07 Jul 2015
An emergency fund to provide education for young people caught up in conflicts and natural disasters is being proposed by UN envoy Gordon Brown and a coalition of charities and campaigns.
UNESCO has published figures showing 124 million children are out of school.
Mr. Brown says support is needed for a “vast group of vulnerable children denied the basic right to education”.
The Oslo summit will hear warnings that the rising numbers of refugee families and displaced persons, caught up in conflicts such as those in Syria and Iraq, need to have access to education as well as other humanitarian aid.
Mr. Brown will call for a dedicated, multi-million-dollar global education fund which could be deployed to help families in emergencies, whether wars or disasters such as earthquakes.
The scale of the demand overwhelms the level of humanitarian support available for education projects, he says.
“Despite the mass exodus of child refugees, currently just a tiny percentage of humanitarian aid is spent on education,” says Mr. Brown.
“A humanitarian fund for education would have allowed us to help Syrian refugees and those caught up in the Nepal earthquake emergency without having to spend months sending the begging bowl around the international community which is what happens now.”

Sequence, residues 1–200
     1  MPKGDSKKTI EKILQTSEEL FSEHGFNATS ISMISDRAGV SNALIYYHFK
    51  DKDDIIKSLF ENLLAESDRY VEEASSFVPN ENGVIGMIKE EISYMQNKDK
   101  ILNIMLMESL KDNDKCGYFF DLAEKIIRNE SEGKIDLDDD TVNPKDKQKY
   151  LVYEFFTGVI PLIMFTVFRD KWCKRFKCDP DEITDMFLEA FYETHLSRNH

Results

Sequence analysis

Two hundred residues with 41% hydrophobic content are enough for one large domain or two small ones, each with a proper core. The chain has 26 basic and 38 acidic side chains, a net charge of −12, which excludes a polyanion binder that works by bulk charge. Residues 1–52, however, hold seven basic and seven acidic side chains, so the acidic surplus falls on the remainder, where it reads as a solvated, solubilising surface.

Mr. Brown says that emergency aid focuses on food, medicine and shelter – and longer-term development projects do not provide for the educational needs of young people caught up in wars or disasters.
The former UK prime minister will speak at the Oslo summit alongside Julia Gillard, the former Australian prime minister, who chairs the Global Partnership for Education which co-ordinates international education aid.
Ms. Gillard said that more than a third of out-of-school children “live in conflict-affected countries and miss out on an education – often for months or even years to come”.
She said “we must ensure education in humanitarian crisis situations as a matter of urgency”.
The call for an emergency fund is being backed by groups including Oxfam, Save the Children, World at School and ActionAid.
The Overseas Development Institute has put a price tag on how much it would cost to provide an education for 65 million children caught up in wars or natural disasters.
The think tank will tell the Oslo summit that it would cost $4.8bn (£3.1bn)- or an extra $74 (£48) per child. The summit will also address the global problem of millions of young people having no access to education.
Research from UNESCO, published on Monday, shows that this problem is getting worse rather than better, with figures showing that 124 million young people are out of school. But international aid for education is less now than five years ago.
The UN agency says that the funding is “grossly insufficient” for proposed new targets for all young people to have access to 12 years of education.
Silvia Montoya, director of the UNESCO Institute for Statistics said the most recent data showed the “devastating impact of the civil war in Syria”.
“Before the conflict, nearly every child was enrolled in primary school but by 2013 nearly two million children and adolescents were out of school. It took just two years of civil war to erase all education progress made since the start of the century.”